Hamas leader urges Palestinians to ‘stand together in a single front’

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Palestinians demonstrate in front of the al-Aqsa Mosque in Al-Quds

THE POLITBURO chief of Palestine’s Hamas resistance movement says the Israeli regime will not be able to change the reality on the ground across the occupied lands, including the holy city of al-Quds, (Jerusalem) no matter what manipulative or aggressive course of action it resorts to.

‘The measures that the occupying Zionist regime takes in al-Quds can neither manipulate the historical and geographical facts concerning the city nor turn lies into truths,’ Ismail Haniyeh said on Tuesday, marking the 34th anniversary of Hamas’ establishment.
The Israeli regime proclaimed existence in 1948 after overrunning vast swathes of regional Arab lands, including the western part of al-Quds, during a heavily Western-backed war. The regime occupied the rest of the city in a similar campaign of aggression in 1967.
Al-Quds hosts the al-Aqsa Mosque, which is Islam’s third holiest site. Palestinians want the city to serve as the capital of their future state.
The Hamas’ official urged Palestinians to work towards the realisation of unity among their ranks so they can defend their rights in a more resolute manner.
‘Provision of support for the Palestinian nation’s rights requires that we stand together in a single front and strive towards unity,’ he noted.
Haniyeh also vowed that the Palestinian movement would not free the Israeli prisoners that are in its captivity, until the regime agrees to the release of Palestinian prisoners.
He repeated Hamas’ principled position of refusing to recognise the Zionist enemy, reminding the regime of its constant failure to destroy the resistance group since its 1987 establishment.
‘All the plans and plots that were drawn up to enable Hamas’ destruction through either siege or warfare have fallen through,’ the Hamas’ official said.
The Israeli regime brought the Gaza Strip, where Hamas is headquartered, under an all-out siege in 2006, when the group rose to power in the Palestinian territory.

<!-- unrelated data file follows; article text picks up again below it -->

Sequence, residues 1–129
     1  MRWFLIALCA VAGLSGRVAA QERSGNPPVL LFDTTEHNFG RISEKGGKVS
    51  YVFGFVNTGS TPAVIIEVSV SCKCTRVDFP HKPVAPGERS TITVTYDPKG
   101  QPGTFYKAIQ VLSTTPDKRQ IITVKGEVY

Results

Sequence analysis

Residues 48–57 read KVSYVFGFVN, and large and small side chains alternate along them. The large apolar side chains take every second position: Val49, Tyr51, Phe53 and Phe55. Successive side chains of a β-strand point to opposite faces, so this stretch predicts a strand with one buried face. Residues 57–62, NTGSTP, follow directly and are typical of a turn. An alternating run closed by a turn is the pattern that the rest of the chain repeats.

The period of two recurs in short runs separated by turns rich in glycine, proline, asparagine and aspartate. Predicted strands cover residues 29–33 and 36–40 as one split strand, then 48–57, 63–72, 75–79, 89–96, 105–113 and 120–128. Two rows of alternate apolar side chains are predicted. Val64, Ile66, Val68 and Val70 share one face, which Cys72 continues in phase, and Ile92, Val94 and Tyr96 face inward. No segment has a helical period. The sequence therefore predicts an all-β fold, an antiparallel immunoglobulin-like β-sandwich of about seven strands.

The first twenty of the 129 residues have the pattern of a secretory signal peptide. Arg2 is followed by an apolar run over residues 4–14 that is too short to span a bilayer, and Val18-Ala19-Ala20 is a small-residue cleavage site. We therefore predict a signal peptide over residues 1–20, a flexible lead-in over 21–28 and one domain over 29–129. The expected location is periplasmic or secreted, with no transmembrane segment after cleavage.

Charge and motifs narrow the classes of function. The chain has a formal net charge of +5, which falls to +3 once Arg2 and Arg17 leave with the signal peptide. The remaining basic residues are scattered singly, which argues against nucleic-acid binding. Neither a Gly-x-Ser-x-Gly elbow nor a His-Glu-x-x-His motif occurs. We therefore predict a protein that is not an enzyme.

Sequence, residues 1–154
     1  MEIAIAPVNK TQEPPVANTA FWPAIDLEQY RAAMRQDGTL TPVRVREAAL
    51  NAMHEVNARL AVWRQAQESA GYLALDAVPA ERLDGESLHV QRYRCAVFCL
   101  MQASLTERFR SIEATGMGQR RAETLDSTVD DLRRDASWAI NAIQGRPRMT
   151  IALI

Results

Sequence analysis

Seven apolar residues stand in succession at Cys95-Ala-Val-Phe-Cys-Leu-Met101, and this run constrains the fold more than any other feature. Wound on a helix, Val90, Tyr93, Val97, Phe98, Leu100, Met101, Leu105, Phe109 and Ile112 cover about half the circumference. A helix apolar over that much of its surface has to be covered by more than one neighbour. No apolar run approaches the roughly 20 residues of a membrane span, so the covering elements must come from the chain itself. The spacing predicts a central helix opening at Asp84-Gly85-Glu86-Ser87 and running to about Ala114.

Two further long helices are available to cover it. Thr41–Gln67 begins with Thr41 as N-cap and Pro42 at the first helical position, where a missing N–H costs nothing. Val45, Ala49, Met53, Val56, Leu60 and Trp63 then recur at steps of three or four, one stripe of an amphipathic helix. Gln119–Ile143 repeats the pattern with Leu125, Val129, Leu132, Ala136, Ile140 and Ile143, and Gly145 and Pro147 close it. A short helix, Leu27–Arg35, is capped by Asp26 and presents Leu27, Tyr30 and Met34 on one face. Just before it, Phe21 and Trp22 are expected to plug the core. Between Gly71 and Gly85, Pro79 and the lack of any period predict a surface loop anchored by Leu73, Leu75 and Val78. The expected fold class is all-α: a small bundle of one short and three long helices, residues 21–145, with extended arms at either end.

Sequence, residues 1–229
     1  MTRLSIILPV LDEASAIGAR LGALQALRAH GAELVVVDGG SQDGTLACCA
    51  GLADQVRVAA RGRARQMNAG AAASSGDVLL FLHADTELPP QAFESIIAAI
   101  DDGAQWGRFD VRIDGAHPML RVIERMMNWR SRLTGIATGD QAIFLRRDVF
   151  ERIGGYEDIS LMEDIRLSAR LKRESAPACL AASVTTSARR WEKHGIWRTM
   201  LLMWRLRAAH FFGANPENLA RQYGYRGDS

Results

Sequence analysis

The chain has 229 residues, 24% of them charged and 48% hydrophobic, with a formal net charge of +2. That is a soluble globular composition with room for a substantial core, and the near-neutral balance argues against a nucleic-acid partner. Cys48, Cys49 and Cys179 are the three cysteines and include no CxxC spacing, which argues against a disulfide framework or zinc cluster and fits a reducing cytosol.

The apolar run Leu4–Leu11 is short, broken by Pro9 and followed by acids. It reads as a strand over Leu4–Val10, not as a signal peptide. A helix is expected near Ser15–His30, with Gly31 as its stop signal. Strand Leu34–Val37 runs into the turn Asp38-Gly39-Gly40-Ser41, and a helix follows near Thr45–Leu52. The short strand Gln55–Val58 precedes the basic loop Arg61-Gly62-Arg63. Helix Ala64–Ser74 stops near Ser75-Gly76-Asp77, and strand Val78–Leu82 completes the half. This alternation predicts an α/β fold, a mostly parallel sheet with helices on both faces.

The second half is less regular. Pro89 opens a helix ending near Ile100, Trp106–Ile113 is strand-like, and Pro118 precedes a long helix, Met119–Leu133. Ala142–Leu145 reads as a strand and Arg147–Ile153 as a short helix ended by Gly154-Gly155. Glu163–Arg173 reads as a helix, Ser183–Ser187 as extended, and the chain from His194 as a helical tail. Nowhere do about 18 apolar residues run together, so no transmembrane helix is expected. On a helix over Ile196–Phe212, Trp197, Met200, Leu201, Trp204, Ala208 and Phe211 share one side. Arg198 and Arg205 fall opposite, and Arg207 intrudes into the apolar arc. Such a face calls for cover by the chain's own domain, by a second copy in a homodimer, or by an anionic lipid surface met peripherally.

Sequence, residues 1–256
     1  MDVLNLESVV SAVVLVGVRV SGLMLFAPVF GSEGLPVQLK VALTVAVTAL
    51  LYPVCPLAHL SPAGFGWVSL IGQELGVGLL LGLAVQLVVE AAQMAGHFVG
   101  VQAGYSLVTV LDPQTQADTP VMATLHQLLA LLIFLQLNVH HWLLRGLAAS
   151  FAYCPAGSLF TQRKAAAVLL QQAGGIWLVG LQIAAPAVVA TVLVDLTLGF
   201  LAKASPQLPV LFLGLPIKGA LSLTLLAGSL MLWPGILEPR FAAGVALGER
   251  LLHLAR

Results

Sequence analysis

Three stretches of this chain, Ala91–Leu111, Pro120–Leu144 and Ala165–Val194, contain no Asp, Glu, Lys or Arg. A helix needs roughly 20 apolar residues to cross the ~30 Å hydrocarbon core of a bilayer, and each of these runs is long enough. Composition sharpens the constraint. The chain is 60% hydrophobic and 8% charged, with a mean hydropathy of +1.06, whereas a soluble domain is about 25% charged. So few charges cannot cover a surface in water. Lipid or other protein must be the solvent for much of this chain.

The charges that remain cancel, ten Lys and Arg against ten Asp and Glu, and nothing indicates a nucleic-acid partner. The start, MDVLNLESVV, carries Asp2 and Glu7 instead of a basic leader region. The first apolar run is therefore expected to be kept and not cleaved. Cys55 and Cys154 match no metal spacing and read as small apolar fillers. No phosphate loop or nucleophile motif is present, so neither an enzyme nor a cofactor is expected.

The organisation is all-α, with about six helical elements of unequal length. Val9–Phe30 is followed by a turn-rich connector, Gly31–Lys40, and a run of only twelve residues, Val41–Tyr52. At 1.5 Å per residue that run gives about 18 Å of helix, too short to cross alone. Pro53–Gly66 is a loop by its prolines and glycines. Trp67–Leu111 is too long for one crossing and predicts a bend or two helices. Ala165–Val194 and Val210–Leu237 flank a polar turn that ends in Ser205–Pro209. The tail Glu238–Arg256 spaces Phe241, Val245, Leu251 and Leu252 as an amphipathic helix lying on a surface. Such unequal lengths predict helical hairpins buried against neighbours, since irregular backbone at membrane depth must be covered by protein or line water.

It has also launched four wholesale wars against the coastal sliver, the last of which that took place in May prompted the group to fire back thousands of missiles towards the occupied Palestinian territories.
Hamas’ website also published a statement on the occasion of the anniversary, pledging that the movement would not lay down its arms until the liberation of the entire Palestine from Israeli occupation and aggression.
‘All-inclusive resistance in all its forms, most importantly armed resistance, is the only means of reclaiming our rights and liberating our lands and sanctities,’ the statement read.

  • The armed wing of the Palestinian Hamas resistance movement, the Izz ad-Din al-Qassam Brigades, has launched a military exercise in the Israeli-besieged Gaza Strip.

According to an announcement by the Brigades, the drill, dubbed ‘Shield of al-Quds,’ began on Wednesday morning to ‘raise combat readiness and simulate different scenarios’.
The manoeuvre, it added, is part of a series of continuous military exercises simulating various forms of combat operations.
The al-Qassam Brigades further advised that explosions and shooting may be heard in some Gaza areas during the drill.
On Tuesday, Hamas leader Muhammad Abu Askar said the military exercise, which takes place in northern and southern Gaza, marks the 34th anniversary of Hamas’ foundation.
Thousands of Palestinians took to the streets of the Gaza Strip to mark the 34th anniversary of Hamas establishment.
The drill will ‘send a message to the enemy that the resistance is ready in case they think of doing something foolish in the Gaza strip,’ he emphasised.
Gaza has been under an Israeli land, air and sea blockade since June 2007, which has caused a decline in the standard of living as well as unprecedented levels of unemployment and unrelenting poverty.